Restaurant Review: KiKu Revolving Sushi

Story and photos by Mark Sterling-Ogle, Aug. 28, 2014.

One might think mum’s the word when it comes to Kiku Revolving Sushi on the borders of Glendale and Peoria, but don’t let the location of this hidden blossom fool you.

Kiku, which translates to chrysanthemum, is billed as the No. 1 revolving sushi restaurant in the West Valley.

Floor-to-ceiling windows, with rice paper screens, filter the natural sunlight that streams in to dining room at lunchtime. In the evening the restaurant’s traditional lanterns illuminate with a soft glow.

Revolving sushi originated in Japan, where it’s known as Kaiten Sushi. Plates of sushi are covered with a clear lid and placed on a conveyor belt that serpentines through the restaurant, slowly making its way past every table and counter seat.

Customers simply pick their selections from a steady stream of fresh sushi (and other food and drinks) moving throughout the restaurant on the nonstop “train.”

BeltThe color of the plate determines the price – ranging from $1 to $5 – and the final bill is calculated by counting the number, and color, of plates consumed.

Small placards precede each roll with descriptions, but it is easy to get distracted and you’ll have to wait a full rotation to see it again!On my most recent visit, I discovered the “guide to the belt” insert in the menu for reference (smart move on their part).

There are more than two-dozen specialty rolls touted on the menu. You may order these à la carte in full roll ($12.99) or half roll ($6.99) portions (or take your chances watching for them plated on the belt in four piece servings).

The dutiful wait staff never let your drink sit empty and offer wasabi to anyone who enjoys it. If you have any questions about what you’ve selected, they will either have the answer or one of the more knowledgeable sushi chefs will be happy to take the time to come out and helpfully inform.

The circling belt offers choices that are ever varying; you never know what you might see coming down the line. On more than one occasion I took a chance on the Monkey Bites (red plate, $1.50), mushroom caps stuffed with spicy crab and deep-fried. The fried items on the conveyor are tasty, but better when fresh. Such is the case with the appetizer of soft shell crab tempura ($4.99, available only when ordered off the menu), which I utterly enjoyed when it arrived fresh out of the oil and golden brown.

For some sushi aficionados the portion size offered on this culinary carousel may be disappointing, but the price won’t be. The nigiri style sushi, which is thinly, sliced fish atop flavored rice, is usually placed on a yellow plate (two pieces, $2). Common fish, such as Red Snapper, Salmon, Tuna and Yellowtail may be ordered off the menu sashimi style (approximately 3 ounces, $4.99), without rice.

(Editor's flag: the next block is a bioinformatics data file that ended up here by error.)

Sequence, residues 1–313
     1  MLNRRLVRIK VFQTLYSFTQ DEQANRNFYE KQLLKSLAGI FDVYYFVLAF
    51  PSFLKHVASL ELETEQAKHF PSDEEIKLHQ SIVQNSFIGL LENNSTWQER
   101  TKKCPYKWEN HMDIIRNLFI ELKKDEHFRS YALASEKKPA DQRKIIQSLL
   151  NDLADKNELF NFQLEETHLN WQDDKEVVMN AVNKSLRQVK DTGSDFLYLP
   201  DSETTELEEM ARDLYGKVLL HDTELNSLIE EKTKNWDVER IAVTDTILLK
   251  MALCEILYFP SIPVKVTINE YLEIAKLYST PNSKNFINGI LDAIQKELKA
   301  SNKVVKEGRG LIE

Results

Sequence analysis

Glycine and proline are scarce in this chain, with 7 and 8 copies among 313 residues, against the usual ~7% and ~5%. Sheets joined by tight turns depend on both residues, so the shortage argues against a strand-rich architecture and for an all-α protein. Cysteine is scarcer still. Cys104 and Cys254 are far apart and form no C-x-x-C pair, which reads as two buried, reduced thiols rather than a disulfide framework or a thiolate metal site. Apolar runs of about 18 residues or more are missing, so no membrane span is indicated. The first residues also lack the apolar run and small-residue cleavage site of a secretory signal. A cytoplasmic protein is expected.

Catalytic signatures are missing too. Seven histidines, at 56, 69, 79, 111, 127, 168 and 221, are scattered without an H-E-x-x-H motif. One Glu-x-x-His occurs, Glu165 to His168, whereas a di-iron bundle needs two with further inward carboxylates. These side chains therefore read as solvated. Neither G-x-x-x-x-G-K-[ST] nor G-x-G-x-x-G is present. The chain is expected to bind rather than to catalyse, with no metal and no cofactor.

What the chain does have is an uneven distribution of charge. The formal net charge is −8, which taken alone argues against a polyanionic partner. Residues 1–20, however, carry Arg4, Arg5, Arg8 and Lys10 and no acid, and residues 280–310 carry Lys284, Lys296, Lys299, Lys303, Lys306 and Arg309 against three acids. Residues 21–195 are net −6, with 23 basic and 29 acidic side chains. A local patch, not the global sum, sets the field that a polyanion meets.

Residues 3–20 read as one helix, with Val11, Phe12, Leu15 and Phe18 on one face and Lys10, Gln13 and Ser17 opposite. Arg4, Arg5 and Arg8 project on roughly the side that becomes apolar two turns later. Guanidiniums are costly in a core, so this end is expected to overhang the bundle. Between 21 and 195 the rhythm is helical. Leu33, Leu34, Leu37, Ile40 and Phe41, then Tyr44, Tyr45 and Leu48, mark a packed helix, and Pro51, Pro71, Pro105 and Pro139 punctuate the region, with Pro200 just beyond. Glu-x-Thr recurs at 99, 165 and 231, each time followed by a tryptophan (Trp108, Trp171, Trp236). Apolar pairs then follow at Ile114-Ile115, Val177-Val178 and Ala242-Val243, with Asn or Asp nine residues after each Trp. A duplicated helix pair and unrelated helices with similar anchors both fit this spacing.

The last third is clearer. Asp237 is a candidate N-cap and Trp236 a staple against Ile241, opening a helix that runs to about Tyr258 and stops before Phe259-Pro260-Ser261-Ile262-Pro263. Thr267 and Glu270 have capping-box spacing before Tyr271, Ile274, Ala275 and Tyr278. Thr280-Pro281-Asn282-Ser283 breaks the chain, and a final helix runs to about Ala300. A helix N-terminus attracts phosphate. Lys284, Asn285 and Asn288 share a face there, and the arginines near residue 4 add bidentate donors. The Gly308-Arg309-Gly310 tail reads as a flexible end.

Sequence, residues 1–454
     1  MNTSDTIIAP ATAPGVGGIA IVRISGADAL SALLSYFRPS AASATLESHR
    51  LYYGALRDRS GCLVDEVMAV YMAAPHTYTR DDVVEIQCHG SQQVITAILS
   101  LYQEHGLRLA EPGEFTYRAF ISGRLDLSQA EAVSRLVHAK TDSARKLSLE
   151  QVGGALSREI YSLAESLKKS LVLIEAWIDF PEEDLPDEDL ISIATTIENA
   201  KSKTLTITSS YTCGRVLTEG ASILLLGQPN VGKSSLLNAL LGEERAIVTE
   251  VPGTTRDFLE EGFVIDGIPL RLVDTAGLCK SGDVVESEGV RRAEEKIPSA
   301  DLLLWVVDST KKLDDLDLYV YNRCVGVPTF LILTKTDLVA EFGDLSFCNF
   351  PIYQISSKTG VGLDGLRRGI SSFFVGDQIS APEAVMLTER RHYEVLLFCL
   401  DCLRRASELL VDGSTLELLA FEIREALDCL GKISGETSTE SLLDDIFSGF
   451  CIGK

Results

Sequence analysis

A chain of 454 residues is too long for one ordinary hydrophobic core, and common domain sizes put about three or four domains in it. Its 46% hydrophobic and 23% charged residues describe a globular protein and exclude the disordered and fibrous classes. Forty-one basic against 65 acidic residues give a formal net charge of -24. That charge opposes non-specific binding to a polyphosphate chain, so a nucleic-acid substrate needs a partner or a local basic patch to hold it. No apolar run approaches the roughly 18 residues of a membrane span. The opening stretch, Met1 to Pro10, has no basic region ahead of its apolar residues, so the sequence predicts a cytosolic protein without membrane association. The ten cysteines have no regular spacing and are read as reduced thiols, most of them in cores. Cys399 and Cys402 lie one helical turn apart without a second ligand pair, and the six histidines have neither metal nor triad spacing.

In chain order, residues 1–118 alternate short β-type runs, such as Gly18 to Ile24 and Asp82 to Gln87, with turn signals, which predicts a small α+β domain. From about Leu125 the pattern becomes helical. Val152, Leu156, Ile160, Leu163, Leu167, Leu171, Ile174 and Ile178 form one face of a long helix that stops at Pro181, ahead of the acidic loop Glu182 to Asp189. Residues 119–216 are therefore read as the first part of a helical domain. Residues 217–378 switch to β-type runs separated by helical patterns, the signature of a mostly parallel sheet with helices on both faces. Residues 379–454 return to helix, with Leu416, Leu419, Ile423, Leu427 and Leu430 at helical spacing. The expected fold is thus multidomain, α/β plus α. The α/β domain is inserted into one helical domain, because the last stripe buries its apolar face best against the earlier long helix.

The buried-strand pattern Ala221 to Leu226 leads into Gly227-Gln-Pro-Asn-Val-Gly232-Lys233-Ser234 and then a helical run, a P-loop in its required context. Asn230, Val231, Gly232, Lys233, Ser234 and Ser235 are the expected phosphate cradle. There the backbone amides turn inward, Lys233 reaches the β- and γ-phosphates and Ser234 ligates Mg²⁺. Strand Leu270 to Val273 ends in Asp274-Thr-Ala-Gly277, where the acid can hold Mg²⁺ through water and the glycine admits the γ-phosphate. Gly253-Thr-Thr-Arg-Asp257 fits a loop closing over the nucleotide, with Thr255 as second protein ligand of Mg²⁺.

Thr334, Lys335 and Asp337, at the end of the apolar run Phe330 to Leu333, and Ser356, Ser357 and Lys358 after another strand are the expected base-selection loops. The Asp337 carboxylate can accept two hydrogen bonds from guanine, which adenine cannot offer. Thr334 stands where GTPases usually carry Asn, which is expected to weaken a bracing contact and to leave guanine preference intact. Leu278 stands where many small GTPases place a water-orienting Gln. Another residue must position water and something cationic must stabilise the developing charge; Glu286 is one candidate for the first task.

There are several entrée items on the printed menu for anyone not into consuming raw or undercooked seafood: beef or chicken teriyaki ($10.99; $9.99), Korean barbecue beef or spicy Korean barbecue pork ($10.99; $9.99).

Stir fried noodles are made to order with freshly woked onions, carrots, bell peppers, mushrooms, zucchini, broccoli and cabbage, and guests have their choice of adding beef or shrimp ($8.99), chicken ($7.99) or a vegetarian option ($6.99).

For those wishing to imbibe, Kiku has a limited beer, wine and sake list which includes some higher end, chilled sake. If you have never tried cold sake, I encourage you to do so with an open mind. My favorite style is Nigori, or unfiltered, providing a creamy mouth feel and an opulent mother-of-pearl appearance. The brand served at Kiku is Sayuri ($9.99).

There is temptation to save room for dessert right from the very start. On any given day or night a wide assortment of cakes, pies, mousses, fruit and fancy pastries, break up the constant flow of sushi and rolls. This is where the smaller portions can really get the best of you, enticing you into just a few more bites.

If you can resist the desserts off the belt, there is a deliciously unique menu option that will satisfy any sweet tooth. Mochi ice cream (two flavors, $3.99) is a Japanese confection made from pounded sticky rice with an ice cream filling and it is available in chocolate, green tea, mango, red bean, strawberry and vanilla.

Whether I have a moment to make a whistle stop for a grab and go, or have the time to enjoy the passing morsels, I'll be sure to catch this train again and again.

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